The issue as to when the suit premises were leased to Vishelectric Ltd was clearly irrelevant. It was not a party to the proceedings. In any event, the issue was whether or not there was a sub-lease agreement between the appellant and the 1st respondent. Further it was self-evident that in the year 2003 the suit premises had been leased out to Vishelectic Ltd from the year 1999 as could be gathered from a copy of a certificate of lease exhibited in the record.
As for the cheques sent to the 1st respondent by the appellant after the alleged expiry of the sub-lease whose acceptance would have effectively created a fresh month to month tenancy between them, again this had no relevance to the application. The application was challenging the competence of the 2nd respondent to superintend over the dispute when it had no jurisdiction. The appellant's arguement then was not that after the expiry of the written sub-lease, he had continued to forward monthly rent to the 1st respondent which she accepted thereby creating a monthly tenancy and therefore a controlled tenancy. His argument was and remains that there was no written sub-lease agreement that was for a period of 5 years and 3 months. Lastly, before us, Mr Odongo conceded that though the cheques were forwarded, they were never cashed. If anything they were returned to the appellant through his then advocates, Messrs Kimani Odongo Advocates.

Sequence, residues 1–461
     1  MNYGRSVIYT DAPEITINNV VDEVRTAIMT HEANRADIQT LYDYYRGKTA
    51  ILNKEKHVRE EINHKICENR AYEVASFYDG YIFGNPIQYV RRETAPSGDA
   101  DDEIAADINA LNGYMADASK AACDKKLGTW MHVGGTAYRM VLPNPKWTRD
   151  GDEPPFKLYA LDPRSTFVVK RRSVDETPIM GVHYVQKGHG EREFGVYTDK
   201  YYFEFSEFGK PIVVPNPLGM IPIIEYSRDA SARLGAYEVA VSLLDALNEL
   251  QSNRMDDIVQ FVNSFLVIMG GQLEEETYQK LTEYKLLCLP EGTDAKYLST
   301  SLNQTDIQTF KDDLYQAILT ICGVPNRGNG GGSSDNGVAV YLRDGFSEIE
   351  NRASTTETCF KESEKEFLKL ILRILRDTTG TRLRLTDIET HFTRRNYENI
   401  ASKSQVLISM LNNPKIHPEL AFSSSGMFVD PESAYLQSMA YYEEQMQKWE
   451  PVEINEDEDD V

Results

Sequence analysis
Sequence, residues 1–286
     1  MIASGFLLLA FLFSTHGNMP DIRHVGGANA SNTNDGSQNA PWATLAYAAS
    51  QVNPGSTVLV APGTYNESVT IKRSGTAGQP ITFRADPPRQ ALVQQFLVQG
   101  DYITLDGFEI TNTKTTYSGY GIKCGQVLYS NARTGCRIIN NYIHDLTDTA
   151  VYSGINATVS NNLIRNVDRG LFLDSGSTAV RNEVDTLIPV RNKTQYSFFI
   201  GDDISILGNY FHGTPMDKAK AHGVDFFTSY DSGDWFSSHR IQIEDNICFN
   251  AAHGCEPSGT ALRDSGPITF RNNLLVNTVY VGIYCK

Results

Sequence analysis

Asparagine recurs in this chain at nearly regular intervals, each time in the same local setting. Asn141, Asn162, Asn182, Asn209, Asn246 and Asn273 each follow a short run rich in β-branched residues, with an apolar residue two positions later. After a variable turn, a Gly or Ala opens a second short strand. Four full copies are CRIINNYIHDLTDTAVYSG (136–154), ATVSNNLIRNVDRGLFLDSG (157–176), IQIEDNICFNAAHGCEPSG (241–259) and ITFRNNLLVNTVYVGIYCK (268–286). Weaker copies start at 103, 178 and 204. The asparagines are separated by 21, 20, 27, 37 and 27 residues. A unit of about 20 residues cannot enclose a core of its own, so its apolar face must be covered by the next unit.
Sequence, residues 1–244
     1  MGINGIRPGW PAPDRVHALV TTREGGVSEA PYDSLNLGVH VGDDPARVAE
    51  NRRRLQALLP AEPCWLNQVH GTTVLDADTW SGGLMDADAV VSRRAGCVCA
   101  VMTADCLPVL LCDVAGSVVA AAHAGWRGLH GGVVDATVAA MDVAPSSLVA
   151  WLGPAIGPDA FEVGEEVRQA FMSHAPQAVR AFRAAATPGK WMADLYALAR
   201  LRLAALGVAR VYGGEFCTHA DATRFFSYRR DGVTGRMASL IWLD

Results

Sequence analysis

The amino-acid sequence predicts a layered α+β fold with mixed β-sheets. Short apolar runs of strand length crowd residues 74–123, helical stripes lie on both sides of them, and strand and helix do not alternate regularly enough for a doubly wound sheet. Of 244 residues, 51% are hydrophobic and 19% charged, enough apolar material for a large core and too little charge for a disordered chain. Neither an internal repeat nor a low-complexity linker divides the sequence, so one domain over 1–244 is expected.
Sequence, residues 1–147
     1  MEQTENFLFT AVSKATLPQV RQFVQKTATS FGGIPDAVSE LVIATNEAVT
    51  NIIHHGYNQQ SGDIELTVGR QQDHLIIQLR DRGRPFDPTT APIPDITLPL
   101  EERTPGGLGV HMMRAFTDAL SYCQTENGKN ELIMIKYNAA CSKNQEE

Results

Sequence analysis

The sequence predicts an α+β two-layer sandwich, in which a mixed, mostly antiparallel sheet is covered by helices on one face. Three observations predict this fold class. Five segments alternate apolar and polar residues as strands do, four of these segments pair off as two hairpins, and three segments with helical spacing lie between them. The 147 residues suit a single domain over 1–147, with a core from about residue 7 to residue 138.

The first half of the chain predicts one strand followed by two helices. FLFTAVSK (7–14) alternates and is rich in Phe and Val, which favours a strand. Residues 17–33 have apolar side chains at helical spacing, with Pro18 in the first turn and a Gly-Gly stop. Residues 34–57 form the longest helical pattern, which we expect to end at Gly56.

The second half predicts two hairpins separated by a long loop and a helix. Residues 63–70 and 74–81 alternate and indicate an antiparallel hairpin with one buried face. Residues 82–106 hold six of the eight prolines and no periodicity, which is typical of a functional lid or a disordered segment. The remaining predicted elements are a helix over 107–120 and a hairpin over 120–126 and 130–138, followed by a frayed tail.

Confronted with all these, we are satisfied that the learned Judge was right in sustaining the Notice of Motion dated 16th May, 2009. We accordingly affirm his decision and dismiss this appeal with costs to the 1st respondent.
Dated and delivered at Mombasa this 14th day of February, 2014.
H. M. OKWENGU
JUDGE OF APPEAL
JUDGE OF APPEAL
JUDGE OF APPEAL
I certify that this is a
true copy of the original.